In sub Saharan Africa, approximately one woman dies every hour from pregnancy and childbirth related causes. These maternal deaths represent about 15% of all deaths of women aged between 15-49 years with some regions being more vulnerable than others (WHO, 2010). In Kenya, several measures have been put in place to tackle maternal health issues, however, the ratio of deaths still remain high. With all those interventions, it is important to note that access to maternal and childbirth care in healthcare facilities may not necessarily guarantee a solution to this problem. There is need to influence behavior change. This can be achieved through health communication which may be used to promote health and disease prevention strategies, create long term solutions and understanding among players in the health sector and the public. This systematic review paper explores the role of communication in maternal and child care among women of reproductive age from 15-49 years of age using journals published between 2001 and 2018 . Findings show that communication is largely intertwined with maternal and child care and policy makers should incorporate it as a core component to modify behavior and social change. The choice of media used is key, though many people may choose a medium without knowing its effectiveness. It is also important for health practitioners to embrace interpersonal communication with women seeking health care services from them in order to enhance behavior change on matters of maternal health. In addition, the crafting of health messages varies with the audience level of education and their pervious knowledge on maternal and child care.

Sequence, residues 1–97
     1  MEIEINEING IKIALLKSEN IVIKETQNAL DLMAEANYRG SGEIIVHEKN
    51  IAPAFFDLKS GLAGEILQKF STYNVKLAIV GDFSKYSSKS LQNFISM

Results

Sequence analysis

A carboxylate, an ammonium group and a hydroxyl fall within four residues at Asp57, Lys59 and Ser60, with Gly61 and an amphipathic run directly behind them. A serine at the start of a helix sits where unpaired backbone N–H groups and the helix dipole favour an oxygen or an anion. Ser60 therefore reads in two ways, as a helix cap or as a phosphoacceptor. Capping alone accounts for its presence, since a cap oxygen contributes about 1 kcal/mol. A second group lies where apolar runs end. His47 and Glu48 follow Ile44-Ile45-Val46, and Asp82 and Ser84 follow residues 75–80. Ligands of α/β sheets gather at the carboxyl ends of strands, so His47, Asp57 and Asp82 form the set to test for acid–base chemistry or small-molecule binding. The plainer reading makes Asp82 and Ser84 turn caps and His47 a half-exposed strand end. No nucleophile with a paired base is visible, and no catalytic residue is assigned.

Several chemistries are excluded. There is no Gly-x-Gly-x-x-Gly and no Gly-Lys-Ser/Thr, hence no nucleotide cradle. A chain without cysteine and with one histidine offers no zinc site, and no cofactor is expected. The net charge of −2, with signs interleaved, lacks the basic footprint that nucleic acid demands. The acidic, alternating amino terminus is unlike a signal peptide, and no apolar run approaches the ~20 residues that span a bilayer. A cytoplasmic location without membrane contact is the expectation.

Keywords: Antenatal Care, Health Service Utilization, Maternal Health, Beyond Zero Campaign, Skilled Birth Attendants and Health Communication